• Phototherapy: Light treatments are used for treating moderate-to-severe psoriasis when other treatments are not effective enough. 

You may need to experiment with some different options before finding what works. Even then, your treatment plan may need to change at certain times, such as during more stressful periods that could worsen symptoms.

Avoid Irritating Elbow Skin

Having elbow psoriasis can present its own unique set of challenges. While you may gravitate toward covering your elbow so others don’t notice your skin, some fabrics can also irritate psoriasis outbreaks. 

Here are a few tips for avoid elbow skin irritation:

  • Choose loose-fitting long sleeves so fabric doesn’t rub against elbow skin.
  • Opt for breathable fabrics like cotton and linen.
  • Avoid fabrics like wool that can further irritate skin plaques and get caught up in rough skin patches.
  • Wash fabrics in scent- and dye-free detergent to prevent irritation.
  • Try not to lean on your affected elbow or elbows. The friction and pressure can sometimes trigger a psoriasis flare. This is known as Koebner's phenomenon.
  • Wash your elbows with lukewarm water. Hot water increases inflammation and can strip away much of your body’s natural oils.
  • Avoid using excessive amounts of soap. The more you use, the drier your skin will be. Stick to soaping those parts of your body that need it. Use soap made for sensitive skin.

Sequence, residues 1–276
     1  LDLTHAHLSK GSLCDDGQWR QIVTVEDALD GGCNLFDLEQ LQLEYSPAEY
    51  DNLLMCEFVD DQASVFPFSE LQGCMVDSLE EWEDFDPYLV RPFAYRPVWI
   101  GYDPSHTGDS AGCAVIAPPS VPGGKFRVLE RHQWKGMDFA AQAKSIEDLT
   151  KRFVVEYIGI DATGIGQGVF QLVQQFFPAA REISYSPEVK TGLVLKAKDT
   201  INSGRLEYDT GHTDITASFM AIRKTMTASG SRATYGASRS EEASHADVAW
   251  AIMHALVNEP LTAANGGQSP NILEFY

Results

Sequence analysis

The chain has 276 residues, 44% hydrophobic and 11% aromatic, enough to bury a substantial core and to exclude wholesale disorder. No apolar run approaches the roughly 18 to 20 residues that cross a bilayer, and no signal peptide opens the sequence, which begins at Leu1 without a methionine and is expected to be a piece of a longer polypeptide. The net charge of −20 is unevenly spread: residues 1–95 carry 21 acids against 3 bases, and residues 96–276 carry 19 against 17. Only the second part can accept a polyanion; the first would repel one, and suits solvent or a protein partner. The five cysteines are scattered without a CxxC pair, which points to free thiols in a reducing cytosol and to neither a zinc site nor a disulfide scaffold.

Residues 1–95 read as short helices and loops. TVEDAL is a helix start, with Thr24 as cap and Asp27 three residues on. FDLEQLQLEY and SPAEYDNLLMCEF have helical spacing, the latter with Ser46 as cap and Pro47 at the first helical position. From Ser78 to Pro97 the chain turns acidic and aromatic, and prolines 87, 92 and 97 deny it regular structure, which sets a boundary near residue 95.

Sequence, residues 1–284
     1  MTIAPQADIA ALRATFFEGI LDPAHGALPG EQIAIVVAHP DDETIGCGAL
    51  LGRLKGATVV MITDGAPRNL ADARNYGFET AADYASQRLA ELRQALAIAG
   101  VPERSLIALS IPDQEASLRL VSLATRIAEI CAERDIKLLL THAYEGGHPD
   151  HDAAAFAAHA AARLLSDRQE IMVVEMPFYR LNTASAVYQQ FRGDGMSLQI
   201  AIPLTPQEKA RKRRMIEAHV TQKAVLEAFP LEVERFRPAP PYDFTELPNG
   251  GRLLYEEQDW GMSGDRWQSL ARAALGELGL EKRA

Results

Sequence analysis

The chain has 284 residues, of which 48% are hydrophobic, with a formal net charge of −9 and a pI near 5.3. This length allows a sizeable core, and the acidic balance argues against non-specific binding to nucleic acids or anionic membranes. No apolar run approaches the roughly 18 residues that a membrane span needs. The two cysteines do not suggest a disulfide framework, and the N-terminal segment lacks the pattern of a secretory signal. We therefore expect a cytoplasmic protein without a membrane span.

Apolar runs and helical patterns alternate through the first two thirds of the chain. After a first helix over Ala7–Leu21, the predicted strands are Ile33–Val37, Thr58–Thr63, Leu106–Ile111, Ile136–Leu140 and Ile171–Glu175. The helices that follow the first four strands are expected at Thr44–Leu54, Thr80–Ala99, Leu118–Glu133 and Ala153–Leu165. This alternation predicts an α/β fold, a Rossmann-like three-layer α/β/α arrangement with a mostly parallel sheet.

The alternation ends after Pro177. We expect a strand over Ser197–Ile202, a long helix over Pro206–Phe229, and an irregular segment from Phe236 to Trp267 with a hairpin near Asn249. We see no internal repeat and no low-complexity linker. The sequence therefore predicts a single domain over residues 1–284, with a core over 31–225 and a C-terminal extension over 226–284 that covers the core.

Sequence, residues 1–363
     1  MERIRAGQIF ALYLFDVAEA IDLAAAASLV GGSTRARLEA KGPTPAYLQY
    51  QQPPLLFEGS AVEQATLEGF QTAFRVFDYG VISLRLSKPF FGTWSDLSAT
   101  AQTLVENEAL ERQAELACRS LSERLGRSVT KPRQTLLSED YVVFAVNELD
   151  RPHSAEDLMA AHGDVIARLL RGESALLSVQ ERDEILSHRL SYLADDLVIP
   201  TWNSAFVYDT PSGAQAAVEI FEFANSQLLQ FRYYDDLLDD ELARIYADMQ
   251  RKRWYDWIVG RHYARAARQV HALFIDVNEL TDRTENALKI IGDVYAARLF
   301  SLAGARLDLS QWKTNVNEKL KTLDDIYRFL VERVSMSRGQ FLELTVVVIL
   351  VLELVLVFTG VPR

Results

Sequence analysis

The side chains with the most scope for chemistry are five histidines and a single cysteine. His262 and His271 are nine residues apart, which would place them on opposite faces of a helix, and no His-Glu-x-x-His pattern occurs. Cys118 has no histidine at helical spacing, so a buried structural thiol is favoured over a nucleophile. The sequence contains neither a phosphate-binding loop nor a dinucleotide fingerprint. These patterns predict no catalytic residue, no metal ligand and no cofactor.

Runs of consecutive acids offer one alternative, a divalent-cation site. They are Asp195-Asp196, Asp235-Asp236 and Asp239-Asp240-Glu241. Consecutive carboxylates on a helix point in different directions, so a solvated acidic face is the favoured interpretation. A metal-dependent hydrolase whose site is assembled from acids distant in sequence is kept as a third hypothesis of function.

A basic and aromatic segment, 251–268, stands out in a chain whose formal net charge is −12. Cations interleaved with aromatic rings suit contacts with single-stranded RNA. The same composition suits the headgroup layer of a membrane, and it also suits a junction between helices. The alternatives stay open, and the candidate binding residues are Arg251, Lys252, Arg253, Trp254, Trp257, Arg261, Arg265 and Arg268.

• Avoid getting a sunburn.


Psoriasis can affect the elbows, just as it can affect the knees, feet, and other parts of the body. Elbow psoriasis can cause red, itchy, scaly plaques, some of which may crack or bleed. These may appear on one or both elbows.

Some conditions, such as eczema, can cause similar symptoms, so it's important to be formally diagnosed by a healthcare provider.

8 Sources
Verywell Health uses only high-quality sources, including peer-reviewed studies, to support the facts within our articles. Read our editorial process to learn more about how we fact-check and keep our content accurate, reliable, and trustworthy.
  1. American Academy of Dermatology Association. Psoriasis: signs and symptoms.

  2. National Psoriasis Foundation. Plaque psoriasis.

  3. American Psychological Association. Coping with a chronic illness.

  4. National Psoriasis Foundation. About psoriasis.

  5. American Academy of Dermatology Association. Psoriasis: diagnosis and treatment.

  6. American Academy of Dermatology Association. What's the difference between eczema and psoriasis?

  7. Information NC for B, Pike USNL of M 8600 R, MD B, Usa 20894. Does light therapy (phototherapy) help reduce psoriasis symptoms? Institute for Quality and Efficiency in Health Care.

  8. American Academy of Dermatology Association. Psoriasis: Tips for managing.

By Michelle Pugle
Michelle Pugle, BA, MA, is an expert health writer with nearly a decade of contributing accurate and accessible health news and information to authority websites and print magazines. Her work focuses on lifestyle management, chronic illness, and mental health. Michelle is the author of Ana, Mia & Me: A Memoir From an Anorexic Teen Mind.